For the first time in over 200 years, a Japanese emperor has abdicated the Chrysanthemum Throne.
“Since ascending the throne 30 years ago, I have performed my duties as the emperor with a deep sense of trust in and respect for the people, and I consider myself most fortunate to have been able to do so,” Emperor Akihito said in a ceremony Tuesday evening at the Imperial Palace in Tokyo, according to Japan Times.
“I sincerely thank the people who accepted and supported me in my role as the symbol of the state,” the 85-year-old leader said, closing with a prayer for “peace and happiness for all the people in Japan and around the world.”
Akihito, who served for 31 years, was the first emperor to serve in the purely symbolic role set forth by Japan’s post-World War II constitution, drafted by the United States. He was also the first emperor to marry a commoner, who became Empress Michiko.
The day before his abdication was full of rituals. According to Japanese mythology, the 2,600-year imperial line begins with the Shinto sun goddess Amaterasu Omikami. At dawn, Akihito told the sun goddess he would be abdicating. Later, at the abdication ceremony, Akihito symbolically ended his reign by returning the “three sacred treasures” — a mirror, sword and jewel — that symbolize the throne.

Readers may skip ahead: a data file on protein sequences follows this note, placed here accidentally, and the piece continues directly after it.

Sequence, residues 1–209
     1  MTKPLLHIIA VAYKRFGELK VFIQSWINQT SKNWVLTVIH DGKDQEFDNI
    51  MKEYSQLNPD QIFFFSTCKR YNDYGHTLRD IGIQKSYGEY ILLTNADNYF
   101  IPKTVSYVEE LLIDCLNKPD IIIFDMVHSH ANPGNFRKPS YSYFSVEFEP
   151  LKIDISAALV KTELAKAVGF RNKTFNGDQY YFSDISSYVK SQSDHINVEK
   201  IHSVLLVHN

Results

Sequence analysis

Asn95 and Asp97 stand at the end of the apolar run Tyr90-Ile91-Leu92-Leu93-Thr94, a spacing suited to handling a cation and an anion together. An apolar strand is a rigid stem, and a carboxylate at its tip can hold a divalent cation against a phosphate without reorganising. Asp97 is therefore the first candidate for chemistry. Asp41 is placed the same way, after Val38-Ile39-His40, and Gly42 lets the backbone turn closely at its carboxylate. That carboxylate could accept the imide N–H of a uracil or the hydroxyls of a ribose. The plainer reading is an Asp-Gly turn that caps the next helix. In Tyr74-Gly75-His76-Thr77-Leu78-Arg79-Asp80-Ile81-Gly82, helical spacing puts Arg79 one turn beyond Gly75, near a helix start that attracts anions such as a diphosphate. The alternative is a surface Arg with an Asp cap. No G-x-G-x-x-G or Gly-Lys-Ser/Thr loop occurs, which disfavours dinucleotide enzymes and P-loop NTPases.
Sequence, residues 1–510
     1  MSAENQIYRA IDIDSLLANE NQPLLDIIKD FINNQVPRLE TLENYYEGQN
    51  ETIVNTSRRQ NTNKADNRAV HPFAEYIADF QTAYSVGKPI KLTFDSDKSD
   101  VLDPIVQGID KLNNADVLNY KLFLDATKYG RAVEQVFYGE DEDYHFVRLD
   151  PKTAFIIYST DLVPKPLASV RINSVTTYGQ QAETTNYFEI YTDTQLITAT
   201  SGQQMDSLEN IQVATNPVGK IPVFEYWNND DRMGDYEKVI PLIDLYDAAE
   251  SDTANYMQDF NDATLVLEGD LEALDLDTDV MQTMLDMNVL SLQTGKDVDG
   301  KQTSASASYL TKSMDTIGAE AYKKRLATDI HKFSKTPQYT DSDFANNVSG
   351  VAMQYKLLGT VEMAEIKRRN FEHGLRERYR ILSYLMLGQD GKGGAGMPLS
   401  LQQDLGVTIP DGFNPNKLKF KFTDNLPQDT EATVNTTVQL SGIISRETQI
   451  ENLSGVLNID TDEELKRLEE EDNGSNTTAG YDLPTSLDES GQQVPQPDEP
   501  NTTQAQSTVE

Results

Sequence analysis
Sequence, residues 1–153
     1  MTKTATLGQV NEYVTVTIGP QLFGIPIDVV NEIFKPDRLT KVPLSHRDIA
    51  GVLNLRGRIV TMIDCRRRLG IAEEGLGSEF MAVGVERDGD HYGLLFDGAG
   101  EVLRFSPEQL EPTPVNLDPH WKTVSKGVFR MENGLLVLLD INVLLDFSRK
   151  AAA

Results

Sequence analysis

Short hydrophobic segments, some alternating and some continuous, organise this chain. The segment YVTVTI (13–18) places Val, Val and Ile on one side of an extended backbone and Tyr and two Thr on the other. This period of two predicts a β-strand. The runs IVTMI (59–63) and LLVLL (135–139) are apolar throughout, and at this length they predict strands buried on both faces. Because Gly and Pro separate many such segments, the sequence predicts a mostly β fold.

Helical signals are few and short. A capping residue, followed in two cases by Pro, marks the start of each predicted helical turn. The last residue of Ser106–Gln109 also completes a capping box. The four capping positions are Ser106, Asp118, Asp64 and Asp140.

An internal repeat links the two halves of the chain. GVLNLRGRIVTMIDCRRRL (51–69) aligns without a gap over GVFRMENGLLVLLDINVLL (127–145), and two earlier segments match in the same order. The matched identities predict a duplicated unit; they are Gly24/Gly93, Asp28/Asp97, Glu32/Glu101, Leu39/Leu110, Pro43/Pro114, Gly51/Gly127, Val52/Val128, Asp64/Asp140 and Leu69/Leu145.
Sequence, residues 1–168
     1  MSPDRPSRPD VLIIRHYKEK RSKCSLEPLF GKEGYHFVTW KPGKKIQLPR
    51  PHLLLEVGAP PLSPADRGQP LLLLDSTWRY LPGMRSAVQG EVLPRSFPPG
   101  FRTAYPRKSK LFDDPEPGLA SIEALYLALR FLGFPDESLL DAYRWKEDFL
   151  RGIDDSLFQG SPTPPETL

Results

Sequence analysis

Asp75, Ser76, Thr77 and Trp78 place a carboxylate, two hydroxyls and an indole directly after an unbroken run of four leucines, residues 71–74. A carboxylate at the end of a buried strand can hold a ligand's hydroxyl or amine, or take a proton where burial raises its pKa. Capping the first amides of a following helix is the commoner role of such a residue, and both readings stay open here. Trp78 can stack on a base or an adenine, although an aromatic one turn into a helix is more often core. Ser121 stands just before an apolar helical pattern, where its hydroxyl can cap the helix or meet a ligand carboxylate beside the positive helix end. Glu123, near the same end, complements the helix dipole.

At the evening’s ceremony, Japan’s Prime Minister Shinzo Abe promised to “continue to do our utmost to make Japan a country which is peaceful, full of hope, and one we can be proud of.”
Crown Prince Naruhito, who will ascend the Chrysanthemum Throne on Wednesday to become Japan’s 126th emperor, has pledged to bring the world’s oldest monarchy closer to the people. In February he promised to continue his father’s legacy, particularly in breaking down the barriers between the emperor and his subjects.
Akihito first hinted at abdicating in 2016, when he gave a speech reflecting on his advancing age and the toll that his tough daily schedule was taking on his health. Abe announced in December 2017 that Akihito would give up the throne in April 2019.
The law says emperors rule for life, but the Japanese Parliament passed a one-time exception, allowing Akihito to retire.
Before Akihito, no emperor had abdicated the throne since Kokaku in 1817.